Hot nights in the Charlottes

by Jennifer
(Sechelt, British Columbia)

The author, in her typical outwear during her kayak excursion in North-western Canada.

The author, in her typical outwear during her kayak excursion in North-western Canada.

Imagine an area so hot that when you camp out at night you find yourself peeling your clothes off instead of putting more on.

Imagine a temperate zone with sunshine for weeks, leading to bikini wearing days.

Imagine a wind storm blowing like a hair dryer so your wet clothes dry in mere minutes.

Such was my experience to the Queen Charlotte Islands this past summer. Yes, really.

For those not in-the-know, the Charlottes are an island archipelago just 40 miles south of Alaska and 50 miles off the coast of Northern British Columbia.

The island chain is known for unpredictable and unstable weather conditions. Also, the fact that they are located so far North, one would most assuredly expect cooler temperatures. Perhaps cold. And rain. Afterall, this is the place where weather is born.

My kayak tour through this temperate rain forest, however, was graced with hot, yes HOT weather most days. I nearly lived in my bikini and those nights spent camping on Turning Point beach found me stripping down to my birthday suit.

So, I hear that Canada has cold weather.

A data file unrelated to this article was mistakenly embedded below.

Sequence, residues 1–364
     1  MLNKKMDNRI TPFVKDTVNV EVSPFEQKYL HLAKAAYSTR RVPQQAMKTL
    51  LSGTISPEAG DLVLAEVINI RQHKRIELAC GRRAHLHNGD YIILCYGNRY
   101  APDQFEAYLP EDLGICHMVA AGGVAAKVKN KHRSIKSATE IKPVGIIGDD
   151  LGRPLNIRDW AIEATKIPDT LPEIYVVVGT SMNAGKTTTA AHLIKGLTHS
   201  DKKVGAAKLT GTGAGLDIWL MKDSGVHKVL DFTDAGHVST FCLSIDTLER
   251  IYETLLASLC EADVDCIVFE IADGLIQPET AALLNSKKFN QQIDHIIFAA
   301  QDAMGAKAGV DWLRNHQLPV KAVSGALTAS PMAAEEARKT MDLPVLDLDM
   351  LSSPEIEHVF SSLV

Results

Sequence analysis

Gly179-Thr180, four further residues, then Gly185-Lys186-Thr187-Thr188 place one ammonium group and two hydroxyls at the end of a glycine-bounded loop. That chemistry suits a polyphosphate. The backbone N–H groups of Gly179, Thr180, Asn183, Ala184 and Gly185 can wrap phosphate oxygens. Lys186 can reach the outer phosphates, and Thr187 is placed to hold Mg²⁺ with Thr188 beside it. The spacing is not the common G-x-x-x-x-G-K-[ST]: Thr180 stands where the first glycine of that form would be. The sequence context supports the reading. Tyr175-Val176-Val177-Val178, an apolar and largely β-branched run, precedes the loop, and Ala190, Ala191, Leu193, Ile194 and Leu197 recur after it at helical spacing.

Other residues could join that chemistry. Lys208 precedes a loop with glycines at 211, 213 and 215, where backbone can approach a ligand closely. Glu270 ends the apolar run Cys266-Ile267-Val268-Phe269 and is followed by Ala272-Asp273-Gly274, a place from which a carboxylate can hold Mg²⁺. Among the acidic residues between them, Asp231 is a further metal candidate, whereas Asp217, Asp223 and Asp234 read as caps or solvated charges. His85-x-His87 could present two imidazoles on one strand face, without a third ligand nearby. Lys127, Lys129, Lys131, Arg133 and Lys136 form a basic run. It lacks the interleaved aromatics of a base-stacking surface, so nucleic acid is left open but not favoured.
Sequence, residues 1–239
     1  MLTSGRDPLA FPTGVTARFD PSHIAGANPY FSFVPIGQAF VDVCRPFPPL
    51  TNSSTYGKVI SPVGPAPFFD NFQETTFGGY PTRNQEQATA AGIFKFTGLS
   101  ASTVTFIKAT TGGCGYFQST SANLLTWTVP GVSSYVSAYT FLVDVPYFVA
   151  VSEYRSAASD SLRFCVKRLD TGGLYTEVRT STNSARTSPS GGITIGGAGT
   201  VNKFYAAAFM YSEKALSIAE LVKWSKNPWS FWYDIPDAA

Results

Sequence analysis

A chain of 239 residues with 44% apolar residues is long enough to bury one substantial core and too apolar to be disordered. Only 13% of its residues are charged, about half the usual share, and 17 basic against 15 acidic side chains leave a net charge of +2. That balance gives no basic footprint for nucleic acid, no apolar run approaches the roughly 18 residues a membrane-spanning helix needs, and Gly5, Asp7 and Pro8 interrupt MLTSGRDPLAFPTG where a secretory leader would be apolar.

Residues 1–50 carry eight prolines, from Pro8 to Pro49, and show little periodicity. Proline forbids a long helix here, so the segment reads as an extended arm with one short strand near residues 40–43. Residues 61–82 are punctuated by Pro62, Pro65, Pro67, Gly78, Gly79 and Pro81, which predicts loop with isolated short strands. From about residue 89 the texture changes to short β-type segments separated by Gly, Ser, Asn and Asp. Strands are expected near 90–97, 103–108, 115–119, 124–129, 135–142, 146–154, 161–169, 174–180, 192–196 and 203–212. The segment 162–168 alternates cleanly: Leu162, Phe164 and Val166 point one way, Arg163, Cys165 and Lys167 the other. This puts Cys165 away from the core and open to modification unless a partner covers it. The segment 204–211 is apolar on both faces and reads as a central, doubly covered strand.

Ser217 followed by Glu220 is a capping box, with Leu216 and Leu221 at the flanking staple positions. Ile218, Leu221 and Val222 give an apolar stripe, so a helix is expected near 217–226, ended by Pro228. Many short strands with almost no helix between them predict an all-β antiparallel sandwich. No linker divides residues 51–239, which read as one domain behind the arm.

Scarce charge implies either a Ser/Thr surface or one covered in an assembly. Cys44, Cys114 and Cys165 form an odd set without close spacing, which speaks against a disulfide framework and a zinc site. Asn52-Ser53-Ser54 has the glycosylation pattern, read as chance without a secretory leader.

I am still waiting for it.

Barry's Response - Thank you, Jennifer. That part of Canada has winter too; just wait. The winters there aren't as cold, but they're wetter.

Pallant Creek, one of the main island towns, had a record temperature of 33 degrees Celsius in August 1993. That's pretty good. Although the place gets over two feet of snow in a typical winter, the average January night doesn't go below freezing. The data comes from Environment and Climate Change Canada.

What's the island's location? (officially) Haida Gwaii is off the coast of BC, roughly 53 degrees north, same as Edmonton, 300 km north of Vancouver.

I'm curious...What's in the bag?

Search this site for more information now.

Ah, the climate of Canada's Queen Charlotte Islands, a beautiful interplay of atmospheric phenomena and natural forces.

With the Pacific Ocean encircling them, the islands experience a unique convergence of maritime influences.

A symphony of mist-laden forests and breathtaking vistas is born when moist air dances with the prevailing winds. Oceanic currents, mountains, and abundant precipitation shape a temperate rainforest climate, where lush vegetation thrives and biodiversity thrives. An awe-inspiring blend of elements, a testament to nature's harmony.

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Thank you to my research and writing assistants, ChatGPT and WordTune, as well as Wombo and others for the images.

GPT-4, OpenAI's large-scale language generation model (and others provided by Google and Meta), helped generate this text.  As soon as draft language is generated, the author reviews, edits, and revises it to their own liking and is responsible for the content.